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USADA scare, 0-3 start and flashes from a beatdown: Priscila Cachoeira has ‘no other option but win’ at UFC Auckland

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MMA: UFC Fight Night-Belem-Shevchenko vs Cachoeira
Valentina Shevchenko handed Priscila Cachoeira a rough loss in her UFC debut in Belem, Brazil.
Jason Silva-USA TODAY Sports

Priscila Cachoeira won’t sugar coat her situation in the UFC: She’s in desperate need of a win to save her job.

Cachoeira’s quick rise in the Brazilian regional scene – with eight wins in just 15 months – catapulted her to the UFC in 2017; she signed to face Lauren Murphy in her promotional debut. The fight fell through when visa issues prevented Cachoeira from making the trip to the U.S., so the company came up with a solution: Cachoeira would welcome Valentina Shevchenko to the flyweight division in Brazil.

What felt like a mismatch turned out being a massacre in Belem, with Shevchenko mercifully ending the contest with a rear-naked choke late in the second round after Cachoeira badly blew her knee in the opening seconds of the contest and was outstruck 95-2 in significant strikes.

The PRVT flyweight, who was sidelined after a serious knee surgery, went on to lose decisions to Molly McCann and Luana Carolina in her next appearances. The company opted to give her one more chance.

Now, Cachoeira knows it’s a must-win situation.

“I have no other option but win. That’s what I think,” she told MMA Fighting. “I have no other option. Winning is my only option. It’s either win or win, period. That brings me more hunger, more excitement. It’s a mater of honor for me now. The UFC trusts me, and I want to repay them.”

Getting another opportunity in the biggest MMA promotion in the world after a 0-3 start is rare. As surprising as that was USADA’s decision to hit the Brazilian fighter with only four months of suspension for a diuretic positive in 2019.

In her defense, Cachoeira said her mother, who works as a nurse in Rio de Janeiro, administered hydrocholorothiazide when she started feeling ill with high blood pressure and blurred vision. The UFC fighter was randomly drug tested by the U.S. Anti-Doping Agency (USADA) two days later, and she popped for the banned substance.

“I believe in God, but I was a bit surprised,” Cachoeira admits. “I was anxious and nervous (during the process), calling my manager all the time. I expected at least six months, but they gave me four. I was surprised, yes, but they understood it was unintentional. It was a huge relief.”

“Pedrita” was pulled from a UFC Sao Paulo clash with Ariane Lipski as the process went through, and feels like a different fighter going into her 125-pound bout with Shana Dobson at Saturday’s UFC Auckland in New Zealand.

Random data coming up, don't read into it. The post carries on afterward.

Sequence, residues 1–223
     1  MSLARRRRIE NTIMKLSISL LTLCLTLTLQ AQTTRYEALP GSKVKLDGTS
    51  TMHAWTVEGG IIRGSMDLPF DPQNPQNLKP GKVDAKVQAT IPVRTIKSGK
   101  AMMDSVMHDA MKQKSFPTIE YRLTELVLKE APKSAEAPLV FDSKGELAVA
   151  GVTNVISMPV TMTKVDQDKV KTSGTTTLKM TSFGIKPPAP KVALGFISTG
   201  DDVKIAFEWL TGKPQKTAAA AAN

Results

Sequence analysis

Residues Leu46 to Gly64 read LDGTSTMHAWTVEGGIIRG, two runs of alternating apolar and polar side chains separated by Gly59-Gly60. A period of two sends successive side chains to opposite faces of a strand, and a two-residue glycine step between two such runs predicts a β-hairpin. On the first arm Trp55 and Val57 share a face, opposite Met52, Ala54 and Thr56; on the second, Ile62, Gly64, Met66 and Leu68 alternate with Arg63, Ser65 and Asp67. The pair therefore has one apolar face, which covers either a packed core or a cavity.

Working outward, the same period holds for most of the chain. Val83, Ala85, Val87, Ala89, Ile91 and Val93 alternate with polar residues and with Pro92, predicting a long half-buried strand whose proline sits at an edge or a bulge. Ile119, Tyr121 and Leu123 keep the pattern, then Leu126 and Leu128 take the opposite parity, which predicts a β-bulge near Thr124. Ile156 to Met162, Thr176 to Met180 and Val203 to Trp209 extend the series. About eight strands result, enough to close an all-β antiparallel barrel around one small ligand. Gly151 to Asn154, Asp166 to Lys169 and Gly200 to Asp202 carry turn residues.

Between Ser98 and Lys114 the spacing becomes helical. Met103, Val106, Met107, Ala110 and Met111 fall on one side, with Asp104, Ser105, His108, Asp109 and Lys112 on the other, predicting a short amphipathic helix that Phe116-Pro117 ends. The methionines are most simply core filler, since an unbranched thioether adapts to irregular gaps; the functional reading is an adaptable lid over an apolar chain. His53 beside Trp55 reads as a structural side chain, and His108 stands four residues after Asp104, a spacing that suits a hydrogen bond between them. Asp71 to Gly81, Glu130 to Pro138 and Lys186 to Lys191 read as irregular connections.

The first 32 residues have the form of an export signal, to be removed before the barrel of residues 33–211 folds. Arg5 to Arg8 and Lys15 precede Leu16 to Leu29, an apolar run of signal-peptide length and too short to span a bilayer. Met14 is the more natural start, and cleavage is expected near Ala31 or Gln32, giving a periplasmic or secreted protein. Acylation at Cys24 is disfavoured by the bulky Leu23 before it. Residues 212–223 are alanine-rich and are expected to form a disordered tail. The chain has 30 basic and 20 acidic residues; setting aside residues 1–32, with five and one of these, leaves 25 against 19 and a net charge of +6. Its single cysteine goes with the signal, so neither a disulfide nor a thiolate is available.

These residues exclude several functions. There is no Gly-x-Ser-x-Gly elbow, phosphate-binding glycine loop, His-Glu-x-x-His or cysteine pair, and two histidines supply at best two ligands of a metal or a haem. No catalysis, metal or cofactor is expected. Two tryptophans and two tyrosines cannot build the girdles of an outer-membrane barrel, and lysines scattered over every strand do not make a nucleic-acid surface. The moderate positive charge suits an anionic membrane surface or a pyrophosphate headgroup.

“I see this fight as a huge opportunity for me,” Cachoeira said. “I don’t underestimate her, but the real ‘Pedrita’ hasn’t fought in the UFC’s Octagon yet. My head is 100 percent this time and I will show you all the real ‘Pedrita.’”

Asked why she wasn’t able to show the “real” Cachoeira in the Octagon yet, the 31-year-old flyweight goes back to the Shevchenko loss and everything that followed to offer an explanation.

“Look, my head was really shaken since the Valentina fight,” she said. “It took me a long time to be able to get my head together. I believe I’m 100 percent this time and I’ll be able to show what ‘Pedrita’ can do inside the cage, not that ‘blind Pedrita.’ I felt like I didn’t know what I was doing after the Valentina fight. I had memories of the Valentina fight in my head, so my mind wasn’t ready yet. But I still put on great fights. When this ‘Pedrita’ reveals herself in the cage, get ready – she definitely is a top-five fighter.

“Valentina didn’t want to trade with me even with a blown knee. She took me to the ground, where she felt safer. I do believe that if Valentina stands and trades with me, that would be an ugly brawl. It would be a beautiful fight to watch, a beautiful show. I like to brawl and that’s what I wanted, for her to come and trade with me. But even with a blown knee she preferred to go to the ground, right? I knew that my chances of beating Valentina would be a hand landing. I say odds were 90 percent Valentina and 10 percent mine, with a hand landing, but she still didn’t want to trade with me.

“What messed with my head was that I was on a long winning streak in Brazil; I went 8-0 in 15 months in Brazil and became the best fighter in Brazil, (and) nobody wanted to fight me. All of a sudden, I see myself laying on a bed with a blown knee. I can’t move. Friends left me.

“‘Beatdown,’ ‘massacre’...look, what I endured inside that cage, I’ve never seen anyone do. That’s what affected my mead, the whole process after the fight. Yeah, that beatdown affected my head. It did. But so did being in a bed with a long road of recovery and still dealing with dengue hemorrhagic fever and almost dying.”

“Those ghosts are gone now,” Cachoeira added. “Those thoughts that could affect me, they are all gone. You’ll see a completely different ‘Pedrita’ inside that Octagon.”